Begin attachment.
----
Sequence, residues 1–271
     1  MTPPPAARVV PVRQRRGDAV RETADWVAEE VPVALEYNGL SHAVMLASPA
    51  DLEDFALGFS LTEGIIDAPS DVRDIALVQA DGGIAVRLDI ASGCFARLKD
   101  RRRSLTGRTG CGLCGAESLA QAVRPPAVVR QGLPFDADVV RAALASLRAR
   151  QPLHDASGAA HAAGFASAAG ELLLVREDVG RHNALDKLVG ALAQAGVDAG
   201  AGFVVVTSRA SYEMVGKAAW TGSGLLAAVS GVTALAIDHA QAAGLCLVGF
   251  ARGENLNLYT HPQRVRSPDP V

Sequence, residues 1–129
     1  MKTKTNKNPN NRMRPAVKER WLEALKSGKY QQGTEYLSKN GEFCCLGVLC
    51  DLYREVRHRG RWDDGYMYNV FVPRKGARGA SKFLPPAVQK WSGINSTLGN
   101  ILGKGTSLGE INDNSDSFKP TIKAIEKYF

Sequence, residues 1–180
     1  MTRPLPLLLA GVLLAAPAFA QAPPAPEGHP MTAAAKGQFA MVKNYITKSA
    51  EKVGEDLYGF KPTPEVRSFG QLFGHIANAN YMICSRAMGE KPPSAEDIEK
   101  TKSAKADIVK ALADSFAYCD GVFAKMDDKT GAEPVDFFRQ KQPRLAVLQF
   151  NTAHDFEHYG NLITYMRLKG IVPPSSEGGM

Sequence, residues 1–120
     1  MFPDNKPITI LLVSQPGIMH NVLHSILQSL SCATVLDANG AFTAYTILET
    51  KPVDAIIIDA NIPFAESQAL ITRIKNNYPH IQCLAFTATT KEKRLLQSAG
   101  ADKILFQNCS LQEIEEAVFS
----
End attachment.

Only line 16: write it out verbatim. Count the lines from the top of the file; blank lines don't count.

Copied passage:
   151  NTAHDFEHYG NLITYMRLKG IVPPSSEGGM